Those Who Adhere to True Monotheism Are Now Termed “Wahhaabees”

Unfortunately, many Muslims have adopted these types of superstitions and beliefs of lesser and greater polytheism. However, amongst these people can be found a smaller group of people who try their utmost to correct these false forms of worship. In spite of this, it is said to them, “You are the bringers of a new way and religion called ‘Wahhaabism’.” Are we to believe then, that the same Prophet who brought this religion is also a “Wahhaabee,” for he was the one who informed us about these matters?!

Exactly eleven days after the attacks of September 11, a UK based journal called The Spectator carried a cover story by Stephen Schwartz,101 a self appointed anti-“Wahhaabee” expert, called “Ground Zero and the Saudi Connection.” The UK based journal added the following subheading: “Stephen Schwartz on the extreme Islamic sect that inspires Osama bin Laden as well as all Muslim suicide bombers — and is subsidised by Saudi Arabia.” In his article, Schwartz states the following about ‘Wahhaabism’: “Above all, they hate ostentatious spirituality,102 much as Protestants detest the veneration of miracles and saints in the Roman Church.” In another article entitled “Terror and Islam,” Schwartz is quoted as saying: “Above all, they hate the spiritual side of Islam, or Sufism, much as Protestants grimaced at the worship of saints and miracles in the Roman church.”103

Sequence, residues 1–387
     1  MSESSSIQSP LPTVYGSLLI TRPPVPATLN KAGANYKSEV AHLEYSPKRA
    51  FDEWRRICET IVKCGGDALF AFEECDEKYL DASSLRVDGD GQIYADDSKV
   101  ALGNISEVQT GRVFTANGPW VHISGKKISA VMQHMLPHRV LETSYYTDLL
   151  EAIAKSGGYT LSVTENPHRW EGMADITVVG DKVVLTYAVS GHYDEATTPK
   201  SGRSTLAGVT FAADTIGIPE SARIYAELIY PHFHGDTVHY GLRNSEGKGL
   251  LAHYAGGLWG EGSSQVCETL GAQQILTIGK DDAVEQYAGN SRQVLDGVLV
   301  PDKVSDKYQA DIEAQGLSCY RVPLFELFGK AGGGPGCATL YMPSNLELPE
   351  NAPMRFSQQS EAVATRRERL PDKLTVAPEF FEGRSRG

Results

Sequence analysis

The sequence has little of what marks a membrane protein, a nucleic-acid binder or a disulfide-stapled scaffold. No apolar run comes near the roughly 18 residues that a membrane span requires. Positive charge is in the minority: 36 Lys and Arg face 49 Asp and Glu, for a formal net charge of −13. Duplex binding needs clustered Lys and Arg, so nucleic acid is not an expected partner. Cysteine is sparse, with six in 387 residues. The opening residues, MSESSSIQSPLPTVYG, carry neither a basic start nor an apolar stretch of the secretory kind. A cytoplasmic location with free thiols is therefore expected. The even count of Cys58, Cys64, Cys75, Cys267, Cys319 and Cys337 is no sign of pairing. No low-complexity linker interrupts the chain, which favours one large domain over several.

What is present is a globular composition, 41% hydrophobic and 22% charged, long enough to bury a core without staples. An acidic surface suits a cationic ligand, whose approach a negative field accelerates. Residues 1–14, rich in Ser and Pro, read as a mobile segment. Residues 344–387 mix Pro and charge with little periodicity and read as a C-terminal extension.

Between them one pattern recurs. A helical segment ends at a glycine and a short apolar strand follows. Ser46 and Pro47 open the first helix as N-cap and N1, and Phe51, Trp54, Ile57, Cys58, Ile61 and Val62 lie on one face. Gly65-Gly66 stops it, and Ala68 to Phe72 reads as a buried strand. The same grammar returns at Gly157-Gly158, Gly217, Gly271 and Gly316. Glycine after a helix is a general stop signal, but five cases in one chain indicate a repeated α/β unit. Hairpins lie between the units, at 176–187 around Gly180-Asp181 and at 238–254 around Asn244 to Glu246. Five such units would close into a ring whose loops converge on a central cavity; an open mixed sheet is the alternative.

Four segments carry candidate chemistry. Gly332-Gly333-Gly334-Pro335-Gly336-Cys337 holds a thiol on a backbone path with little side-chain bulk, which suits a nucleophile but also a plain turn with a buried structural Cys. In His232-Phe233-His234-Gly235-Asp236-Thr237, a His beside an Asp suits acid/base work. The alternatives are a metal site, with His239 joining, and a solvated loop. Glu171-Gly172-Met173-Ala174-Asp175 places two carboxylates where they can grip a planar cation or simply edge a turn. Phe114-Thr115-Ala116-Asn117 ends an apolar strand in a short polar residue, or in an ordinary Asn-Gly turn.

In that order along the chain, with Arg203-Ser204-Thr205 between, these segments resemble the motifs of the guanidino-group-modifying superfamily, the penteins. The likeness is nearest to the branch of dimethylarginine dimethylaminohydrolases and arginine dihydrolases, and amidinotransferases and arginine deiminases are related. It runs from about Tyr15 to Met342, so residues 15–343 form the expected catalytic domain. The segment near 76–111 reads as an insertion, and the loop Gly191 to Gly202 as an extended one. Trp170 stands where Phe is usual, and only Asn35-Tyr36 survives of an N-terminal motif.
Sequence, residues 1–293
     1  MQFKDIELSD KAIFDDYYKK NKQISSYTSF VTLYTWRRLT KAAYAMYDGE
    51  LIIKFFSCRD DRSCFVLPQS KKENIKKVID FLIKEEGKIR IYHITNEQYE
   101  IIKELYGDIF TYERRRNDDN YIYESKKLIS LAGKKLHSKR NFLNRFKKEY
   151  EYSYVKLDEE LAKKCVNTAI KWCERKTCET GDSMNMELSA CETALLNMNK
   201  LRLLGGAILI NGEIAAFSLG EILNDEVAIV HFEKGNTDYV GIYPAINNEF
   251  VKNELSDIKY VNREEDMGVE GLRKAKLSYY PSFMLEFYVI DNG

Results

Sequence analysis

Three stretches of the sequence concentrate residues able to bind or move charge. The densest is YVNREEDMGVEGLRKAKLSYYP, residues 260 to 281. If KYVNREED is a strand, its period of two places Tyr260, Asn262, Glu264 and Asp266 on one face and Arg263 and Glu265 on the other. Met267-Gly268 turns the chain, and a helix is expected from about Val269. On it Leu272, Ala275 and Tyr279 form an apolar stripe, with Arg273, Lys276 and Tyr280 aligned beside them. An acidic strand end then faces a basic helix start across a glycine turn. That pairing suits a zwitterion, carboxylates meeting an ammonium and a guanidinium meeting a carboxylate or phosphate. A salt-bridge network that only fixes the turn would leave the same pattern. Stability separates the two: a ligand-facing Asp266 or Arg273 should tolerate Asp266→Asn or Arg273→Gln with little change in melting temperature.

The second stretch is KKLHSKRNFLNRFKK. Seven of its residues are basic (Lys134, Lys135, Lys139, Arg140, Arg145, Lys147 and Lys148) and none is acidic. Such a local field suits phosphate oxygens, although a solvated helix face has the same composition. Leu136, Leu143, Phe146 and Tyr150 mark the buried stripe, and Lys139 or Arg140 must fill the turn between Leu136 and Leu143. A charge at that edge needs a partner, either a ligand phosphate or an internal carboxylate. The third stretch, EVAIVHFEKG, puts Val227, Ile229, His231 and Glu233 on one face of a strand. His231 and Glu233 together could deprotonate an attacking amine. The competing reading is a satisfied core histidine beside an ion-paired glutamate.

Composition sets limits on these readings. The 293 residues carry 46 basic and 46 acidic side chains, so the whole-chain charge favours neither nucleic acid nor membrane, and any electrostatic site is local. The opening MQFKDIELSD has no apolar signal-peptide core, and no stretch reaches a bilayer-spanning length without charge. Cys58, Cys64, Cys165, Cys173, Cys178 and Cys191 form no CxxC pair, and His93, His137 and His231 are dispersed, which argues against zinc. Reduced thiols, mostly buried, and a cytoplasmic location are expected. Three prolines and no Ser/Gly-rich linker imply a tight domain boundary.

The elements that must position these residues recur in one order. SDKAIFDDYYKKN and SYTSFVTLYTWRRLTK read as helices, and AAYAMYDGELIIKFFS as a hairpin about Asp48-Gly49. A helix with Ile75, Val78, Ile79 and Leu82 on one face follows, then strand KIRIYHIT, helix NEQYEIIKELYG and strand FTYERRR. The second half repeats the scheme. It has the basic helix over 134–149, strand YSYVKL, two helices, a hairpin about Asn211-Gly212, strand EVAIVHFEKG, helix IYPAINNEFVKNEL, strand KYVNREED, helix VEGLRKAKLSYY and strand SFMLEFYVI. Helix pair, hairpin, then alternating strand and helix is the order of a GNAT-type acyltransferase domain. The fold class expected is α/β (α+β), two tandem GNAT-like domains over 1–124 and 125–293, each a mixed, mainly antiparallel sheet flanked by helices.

Upon reflection of these statements, one wonders if Schwartz has actually ever picked up the Qur’aan, as the whole Qur’aan, from its beginning to its end, contains different kinds of exhortations to follow Tawheed,104 and the strongest admonitions to shun polytheism. The reader is invited to examine the clear texts of the Qur’aan and Sunnah and decide for him or herself whether Schwartz and generations of critics have spoken truthfully about “Wahhaabism.”

Furthermore, is Soofism actually the “spiritual side of Islam,” or is it in reality an open-ended methodology which often involves clear acts of polytheism? Schwartz has correctly linked the “worship of saints” with Sufism.105 However, what do the texts of Islaam say about the veneration of pious people, whether they be Prophets, perceived ‘saints,’ or faithful saints?